SAN FRANCISCO — Discrete, full-thickness chondral
defects of the hip can successfully be treated with
microfracture, allowing for a return to elite competition,
according to a recently presented study.
The findings were shared by John E. McDonald, Jr., MD,
2011 Annual Meeting of the Arthroscopy Association of North
“Discrete chondral defects of the acetabulum and femoral head
are potentially morbid injuries to an elite-level athlete, and very little data
exists documenting return-to-play at this level following arthroscopic
treatment of these lesions,” McDonald said, adding that while hip
arthroscopy has been shown to help return players to an elite level of play, no
specific study has investigated the microfracture subset of the cohort.
McDonald reported on Dr. Marc J. Philippon’s
experience with 41 elite athletes who underwent arthroscopic microfracture by a
single surgeon between 1999 and 2008. He reported 34 of the elite-level
athletes met the study’s inclusion criteria — reported in the study
as having a discrete Outerbridge grade IV chondral lesion either on the femoral
head (three), acetabulum (27) or both (four). Further inclusion criteria
included a lesion amenable to microfracture and a patient with an expressed
desire to return to their professional career.
McDonald reported that the elite athletes in the study
represented professionals from hockey, soccer, football, baseball, tennis and
golf. Each patient in the study underwent concomitant
labral debridement (eight), repair (23) or reconstruction
(three). Data for the study were obtained following these operations, and
included the number of games and seasons played at an elite level after the
original arthroscopic microfracture procedure.
Quick return to play
McDonald reported that 79% (27 of 34) of the elite
athletes who underwent microfracture returned to play at an elite level for an
average of four seasons, with a range of one season to 11 seasons.
“Ninety-six percent of those who returned began
play during the same season or the season following the microfracture,” he
Of the seven athletes who did not return to play, two
played soccer, three played hockey, one played baseball and one played
football. Six of the seven athletes underwent a concomitant labral repair, and
one underwent a labral reconstruction.
“We looked at age, location of microfracture, and
whether the athlete played a contact or non-contact sport and found no
statistical significance in our cohort regarding whether they returned or did
not return to play,” McDonald said. “There was no correlation between
age and number of season played postoperatively.”
Possibilities of microfracture
The findings shed light on the possibilities of
microfracture when treating discrete, full-thickness chondral defects of the
hip in elite-level athletes, McDonald said.
“This is a large series of professional athletes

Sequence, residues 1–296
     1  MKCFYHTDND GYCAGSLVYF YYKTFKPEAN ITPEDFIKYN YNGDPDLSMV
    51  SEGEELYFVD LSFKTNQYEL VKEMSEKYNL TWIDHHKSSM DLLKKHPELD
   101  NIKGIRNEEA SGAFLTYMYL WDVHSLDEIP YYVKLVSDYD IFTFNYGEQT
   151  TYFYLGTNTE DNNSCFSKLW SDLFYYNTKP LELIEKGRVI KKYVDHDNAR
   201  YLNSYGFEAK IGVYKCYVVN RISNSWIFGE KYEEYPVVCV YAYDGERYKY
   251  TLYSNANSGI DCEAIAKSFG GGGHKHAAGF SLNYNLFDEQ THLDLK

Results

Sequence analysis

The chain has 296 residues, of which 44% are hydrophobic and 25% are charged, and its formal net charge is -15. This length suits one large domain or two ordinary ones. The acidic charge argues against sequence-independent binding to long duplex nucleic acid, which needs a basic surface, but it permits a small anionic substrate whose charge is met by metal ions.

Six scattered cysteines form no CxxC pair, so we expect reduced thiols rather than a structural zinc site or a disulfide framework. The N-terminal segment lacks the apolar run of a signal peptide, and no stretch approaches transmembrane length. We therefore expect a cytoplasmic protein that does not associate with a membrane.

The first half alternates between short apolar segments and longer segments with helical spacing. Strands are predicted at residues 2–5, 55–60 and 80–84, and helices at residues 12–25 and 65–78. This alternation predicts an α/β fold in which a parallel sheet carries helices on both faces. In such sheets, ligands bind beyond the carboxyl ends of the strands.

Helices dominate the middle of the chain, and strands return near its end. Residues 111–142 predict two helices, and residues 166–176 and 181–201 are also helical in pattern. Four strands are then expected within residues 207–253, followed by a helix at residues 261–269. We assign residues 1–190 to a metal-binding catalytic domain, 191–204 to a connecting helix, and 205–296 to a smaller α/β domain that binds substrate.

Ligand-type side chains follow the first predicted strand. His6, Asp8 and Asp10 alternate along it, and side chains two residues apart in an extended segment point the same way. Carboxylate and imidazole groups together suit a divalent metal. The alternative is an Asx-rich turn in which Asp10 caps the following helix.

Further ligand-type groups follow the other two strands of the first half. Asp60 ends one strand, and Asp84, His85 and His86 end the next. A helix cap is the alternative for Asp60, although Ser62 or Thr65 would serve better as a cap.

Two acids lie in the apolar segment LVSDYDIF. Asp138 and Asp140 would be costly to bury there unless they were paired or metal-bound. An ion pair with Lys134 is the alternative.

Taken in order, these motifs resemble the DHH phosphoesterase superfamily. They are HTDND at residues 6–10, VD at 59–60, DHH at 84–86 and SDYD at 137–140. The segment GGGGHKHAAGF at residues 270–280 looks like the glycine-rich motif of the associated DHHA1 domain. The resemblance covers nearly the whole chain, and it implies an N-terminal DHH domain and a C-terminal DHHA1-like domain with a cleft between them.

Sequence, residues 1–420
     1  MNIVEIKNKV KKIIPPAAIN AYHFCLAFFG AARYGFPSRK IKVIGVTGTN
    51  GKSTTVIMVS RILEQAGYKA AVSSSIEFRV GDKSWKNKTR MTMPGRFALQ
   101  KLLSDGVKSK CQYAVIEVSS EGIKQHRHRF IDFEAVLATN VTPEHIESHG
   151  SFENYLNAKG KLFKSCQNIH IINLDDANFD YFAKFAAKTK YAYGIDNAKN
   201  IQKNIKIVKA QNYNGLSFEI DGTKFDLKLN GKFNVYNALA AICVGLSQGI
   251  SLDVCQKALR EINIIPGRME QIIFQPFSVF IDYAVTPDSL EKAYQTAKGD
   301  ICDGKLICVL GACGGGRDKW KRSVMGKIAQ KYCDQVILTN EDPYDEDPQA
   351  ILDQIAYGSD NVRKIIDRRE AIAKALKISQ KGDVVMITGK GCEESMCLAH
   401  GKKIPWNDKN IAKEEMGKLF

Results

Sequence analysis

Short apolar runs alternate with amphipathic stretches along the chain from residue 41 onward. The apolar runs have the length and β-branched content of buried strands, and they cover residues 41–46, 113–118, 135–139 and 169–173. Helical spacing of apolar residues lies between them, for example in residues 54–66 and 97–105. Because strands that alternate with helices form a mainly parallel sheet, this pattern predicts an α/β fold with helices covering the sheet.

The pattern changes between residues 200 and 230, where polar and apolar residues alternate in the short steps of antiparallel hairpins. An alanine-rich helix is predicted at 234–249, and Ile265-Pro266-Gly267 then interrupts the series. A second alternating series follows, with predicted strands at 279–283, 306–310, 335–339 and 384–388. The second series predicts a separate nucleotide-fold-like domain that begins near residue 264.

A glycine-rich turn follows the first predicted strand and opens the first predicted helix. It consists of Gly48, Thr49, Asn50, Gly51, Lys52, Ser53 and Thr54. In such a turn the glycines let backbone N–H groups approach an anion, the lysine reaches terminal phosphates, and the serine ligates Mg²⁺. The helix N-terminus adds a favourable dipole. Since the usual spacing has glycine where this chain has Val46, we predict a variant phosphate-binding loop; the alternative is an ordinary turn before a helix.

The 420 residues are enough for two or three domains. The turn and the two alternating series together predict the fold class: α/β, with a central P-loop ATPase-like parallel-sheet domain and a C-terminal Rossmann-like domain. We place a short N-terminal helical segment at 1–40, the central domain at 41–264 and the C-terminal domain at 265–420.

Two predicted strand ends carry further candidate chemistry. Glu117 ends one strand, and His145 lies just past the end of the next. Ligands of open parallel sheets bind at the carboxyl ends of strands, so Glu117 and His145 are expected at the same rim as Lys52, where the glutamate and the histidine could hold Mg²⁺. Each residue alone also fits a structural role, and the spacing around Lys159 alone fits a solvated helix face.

undergoing arthroscopic hip microfracture,” he concluded. “Very
little data exists regarding these patients in the literature. We have shown
they can return to play, they can play the same or the next season, and they
are able to play for an extended period of time. Hopefully we have provided
reliable data to these patients and their families, coaches and teams regarding
their ability to return to sport.” – by Robert Press
- McDonald JE, Philippon MJ, Herzog M. Return to play following
arthroscopic microfracture of the hip in elite athletes. Paper SS-40. Presented
at the 2011 Annual Meeting of the Arthroscopy Association of North America.
April 14-16. San Francisco.
- John E. McDonald, Jr., MD, can be reached at The Steadman Philippon
Research Institute, 181 West Meadow Drive, Suite 1000, Vail, CO 81657; email:
- Disclosure: McDonald has no relevant financial disclosures.
McDonald showed a very good retrospective review of
microfractures in elite athletes during hip arthroscopy. We all know cartilage
lesions tend to be a very difficult problem to treat, especially with an
increasing and active population with an increased awareness of degenerative
tears. This paper shows there is a supportive treatment of full-thickness
Each one of these patients underwent multiple associated
procedures — femoral neck osteoplasty, acetabular osteoplasty, labral work
and some ligamentum teres work. I would like to know how these procedures would
potentially affect, and if the microfracture actually is what we are measuring
here or whether these associated procedures are something that we can discuss.
— Bojan B. Zoric, MD
Disclosure: He is a paid consultant and is on the speakers
bureau/paid presentations for Smith & Nephew.
Having had arthroscopic femoracetabular impingement
surgeries, including microfracture in both of my own (non-elite athletic) hips,
let me chime in on this timely study.
Arthroscopic hip microfracture chondroplasty is
inherently attractive as a relatively simple procedure that appears to be
effective. But we are still dealing with fibrocartilage, which may have
durability issues. With the acceptance of acetabular rim trimming of pincer
impingement, microfracture is less often needed as typical acetabular rim
cartilage damage is removed during rim trimming. But there are cases when a
residual full-thickness defect exists, and I will then perform arthroscopic
Some surgeons are repairing delaminated acetabular
cartilage to the underlying bony base, often with microfracture preparation,
although a recent study questions the viability of the cartilage flap.
Moreover, as most of these lesions may be at the acetabular rim, containment of
bone marrow-derived growth factors and stem cells by concomitant labral repair
or even reconstruction may be critical to any procedural success.
— Dean K. Matsuda, MD
Today Editorial Board member
Kaiser West Los Angeles Medical Center
Los Angeles, Calif.
Disclosure: He has no relevant financial